Based on the analysis of 4191 patients who underwent a primary cardiac operation, administration of tranexamic acid decreased the number of patients exposed to a transfusion or returned to theatre for bleeding in our institute.
- Coronary Artery Bypass Grafting
- Tranexamic Acid
- Fresh Freeze Plasma
- Fresh Freeze Plasma
Tranexamic acid is an antifibrinolytic agent used in the control of bleeding under various circumstances  and has been used to minimise bleeding after cardiac surgery [2, 3]. In cardiac surgery, postoperative bleeding is associated with an increased incidence of surgical re-exploration to identify the source of bleeding; increased use of blood; significant morbidity such as renal failure, sepsis, arrhythmias, prolonged requirement for mechanical ventilatory support and longer hospital stay; and increased mortality [4–8].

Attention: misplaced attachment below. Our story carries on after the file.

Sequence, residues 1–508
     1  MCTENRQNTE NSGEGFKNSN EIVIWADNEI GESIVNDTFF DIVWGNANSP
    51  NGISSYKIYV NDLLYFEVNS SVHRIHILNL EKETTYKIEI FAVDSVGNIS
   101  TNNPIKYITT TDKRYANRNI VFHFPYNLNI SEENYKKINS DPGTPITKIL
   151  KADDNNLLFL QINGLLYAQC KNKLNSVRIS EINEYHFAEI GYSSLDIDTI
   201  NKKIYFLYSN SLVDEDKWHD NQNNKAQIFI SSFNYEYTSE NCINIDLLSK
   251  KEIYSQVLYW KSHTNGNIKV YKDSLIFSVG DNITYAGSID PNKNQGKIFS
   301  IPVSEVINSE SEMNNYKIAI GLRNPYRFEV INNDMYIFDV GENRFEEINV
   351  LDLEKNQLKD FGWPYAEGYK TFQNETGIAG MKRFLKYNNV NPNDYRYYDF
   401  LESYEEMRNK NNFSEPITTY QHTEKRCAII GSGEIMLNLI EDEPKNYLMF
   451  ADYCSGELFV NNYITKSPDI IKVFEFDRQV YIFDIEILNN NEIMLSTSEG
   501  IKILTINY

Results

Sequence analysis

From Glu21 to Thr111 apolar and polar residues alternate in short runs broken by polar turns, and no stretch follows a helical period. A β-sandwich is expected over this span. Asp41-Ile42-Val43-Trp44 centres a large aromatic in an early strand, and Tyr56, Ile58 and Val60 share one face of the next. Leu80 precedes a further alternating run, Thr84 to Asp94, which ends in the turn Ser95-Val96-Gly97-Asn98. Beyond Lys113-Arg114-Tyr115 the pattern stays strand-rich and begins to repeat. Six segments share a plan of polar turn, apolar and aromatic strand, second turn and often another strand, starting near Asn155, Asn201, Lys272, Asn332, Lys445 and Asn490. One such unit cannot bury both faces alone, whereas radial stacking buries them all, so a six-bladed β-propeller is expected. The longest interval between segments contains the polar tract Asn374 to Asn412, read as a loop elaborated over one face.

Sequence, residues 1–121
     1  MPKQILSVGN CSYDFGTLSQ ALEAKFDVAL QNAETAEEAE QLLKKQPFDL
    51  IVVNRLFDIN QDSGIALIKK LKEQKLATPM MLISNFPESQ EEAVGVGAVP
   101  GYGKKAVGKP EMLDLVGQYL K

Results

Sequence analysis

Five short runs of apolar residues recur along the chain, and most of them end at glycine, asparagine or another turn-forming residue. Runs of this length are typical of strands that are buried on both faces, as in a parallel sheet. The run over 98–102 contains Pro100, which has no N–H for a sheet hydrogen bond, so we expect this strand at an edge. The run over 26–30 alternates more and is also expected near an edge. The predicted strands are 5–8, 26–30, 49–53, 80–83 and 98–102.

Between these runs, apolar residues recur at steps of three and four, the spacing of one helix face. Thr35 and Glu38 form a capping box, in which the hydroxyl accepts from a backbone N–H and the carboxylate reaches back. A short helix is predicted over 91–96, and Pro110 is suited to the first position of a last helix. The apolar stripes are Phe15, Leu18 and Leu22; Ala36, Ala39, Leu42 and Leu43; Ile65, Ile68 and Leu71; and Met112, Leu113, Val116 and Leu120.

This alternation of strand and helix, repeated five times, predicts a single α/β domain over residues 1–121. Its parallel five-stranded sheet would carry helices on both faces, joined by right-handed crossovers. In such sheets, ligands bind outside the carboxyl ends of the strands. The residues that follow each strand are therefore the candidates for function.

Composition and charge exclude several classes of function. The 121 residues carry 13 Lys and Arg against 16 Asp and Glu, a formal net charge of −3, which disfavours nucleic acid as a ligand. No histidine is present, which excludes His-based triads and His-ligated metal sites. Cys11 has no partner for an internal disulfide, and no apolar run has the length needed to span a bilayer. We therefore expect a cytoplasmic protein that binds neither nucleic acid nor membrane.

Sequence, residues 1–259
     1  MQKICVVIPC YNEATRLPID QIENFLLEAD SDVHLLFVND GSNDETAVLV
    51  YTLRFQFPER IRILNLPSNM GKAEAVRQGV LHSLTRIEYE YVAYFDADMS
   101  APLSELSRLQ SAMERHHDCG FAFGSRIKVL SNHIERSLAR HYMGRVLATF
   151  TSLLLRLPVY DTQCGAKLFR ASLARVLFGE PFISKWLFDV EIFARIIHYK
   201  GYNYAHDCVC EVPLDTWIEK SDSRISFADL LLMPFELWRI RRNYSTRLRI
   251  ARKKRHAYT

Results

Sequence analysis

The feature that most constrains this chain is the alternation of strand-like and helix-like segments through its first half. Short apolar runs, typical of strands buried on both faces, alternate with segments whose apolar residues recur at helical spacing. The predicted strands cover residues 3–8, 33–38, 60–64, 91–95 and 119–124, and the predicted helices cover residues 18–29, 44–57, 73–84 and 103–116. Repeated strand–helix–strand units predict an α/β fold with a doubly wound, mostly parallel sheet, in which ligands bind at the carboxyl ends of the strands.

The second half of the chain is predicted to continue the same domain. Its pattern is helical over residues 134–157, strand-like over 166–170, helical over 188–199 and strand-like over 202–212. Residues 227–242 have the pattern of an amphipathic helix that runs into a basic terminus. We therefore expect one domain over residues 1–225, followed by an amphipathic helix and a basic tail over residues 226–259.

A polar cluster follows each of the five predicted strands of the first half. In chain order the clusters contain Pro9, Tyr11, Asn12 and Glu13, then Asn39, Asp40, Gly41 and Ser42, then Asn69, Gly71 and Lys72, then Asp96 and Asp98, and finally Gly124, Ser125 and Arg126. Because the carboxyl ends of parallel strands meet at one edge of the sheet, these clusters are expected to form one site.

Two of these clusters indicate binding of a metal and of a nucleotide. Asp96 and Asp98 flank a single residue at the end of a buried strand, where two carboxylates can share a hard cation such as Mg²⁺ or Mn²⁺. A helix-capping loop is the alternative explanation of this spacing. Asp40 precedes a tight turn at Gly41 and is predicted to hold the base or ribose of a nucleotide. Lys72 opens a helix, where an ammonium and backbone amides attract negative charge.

Randomised prospective studies have shown that tranexamic acid can decrease exposure to blood transfusions [9–14]. Unfortunately, those studies used a variety of dose regimens and gave diverse conclusions, making it difficult to translate these findings to the clinical arena with confidence that it will indeed be a useful treatment. However, our transfusion hospital guidelines have stated for the last few years that we should administer tranexamic acid at a dose of 2 g intravenously for any cardiac operation that involves use of cardiopulmonary bypass and where aprotinin is not administered.
Variation in tranexamic acid administration between anaesthetists at this hospital, within the timeframe studied.
Number of patients (%)
No Tranexamic acid